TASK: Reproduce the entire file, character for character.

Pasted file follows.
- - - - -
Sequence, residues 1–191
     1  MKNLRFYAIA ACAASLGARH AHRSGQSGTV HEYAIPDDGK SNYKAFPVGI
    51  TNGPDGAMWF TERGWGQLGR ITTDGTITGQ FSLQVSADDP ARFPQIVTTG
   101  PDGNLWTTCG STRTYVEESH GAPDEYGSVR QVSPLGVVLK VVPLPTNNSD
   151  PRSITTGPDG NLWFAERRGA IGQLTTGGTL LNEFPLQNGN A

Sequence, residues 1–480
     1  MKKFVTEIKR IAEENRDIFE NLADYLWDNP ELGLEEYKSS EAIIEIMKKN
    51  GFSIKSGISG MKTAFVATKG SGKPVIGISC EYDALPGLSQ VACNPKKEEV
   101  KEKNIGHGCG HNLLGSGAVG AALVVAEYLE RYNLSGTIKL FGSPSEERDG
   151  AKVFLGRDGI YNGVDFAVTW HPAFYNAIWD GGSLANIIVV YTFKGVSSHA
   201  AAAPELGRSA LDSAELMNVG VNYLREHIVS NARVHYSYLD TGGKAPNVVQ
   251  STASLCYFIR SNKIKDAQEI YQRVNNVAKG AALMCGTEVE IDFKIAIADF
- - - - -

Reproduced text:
Sequence, residues 1–191
     1  MKNLRFYAIA ACAASLGARH AHRSGQSGTV HEYAIPDDGK SNYKAFPVGI
    51  TNGPDGAMWF TERGWGQLGR ITTDGTITGQ FSLQVSADDP ARFPQIVTTG
   101  PDGNLWTTCG STRTYVEESH GAPDEYGSVR QVSPLGVVLK VVPLPTNNSD
   151  PRSITTGPDG NLWFAERRGA IGQLTTGGTL LNEFPLQNGN A

Sequence, residues 1–480
     1  MKKFVTEIKR IAEENRDIFE NLADYLWDNP ELGLEEYKSS EAIIEIMKKN
    51  GFSIKSGISG MKTAFVATKG SGKPVIGISC EYDALPGLSQ VACNPKKEEV
   101  KEKNIGHGCG HNLLGSGAVG AALVVAEYLE RYNLSGTIKL FGSPSEERDG
   151  AKVFLGRDGI YNGVDFAVTW HPAFYNAIWD GGSLANIIVV YTFKGVSSHA
   201  AAAPELGRSA LDSAELMNVG VNYLREHIVS NARVHYSYLD TGGKAPNVVQ
   251  STASLCYFIR SNKIKDAQEI YQRVNNVAKG AALMCGTEVE IDFKIAIADF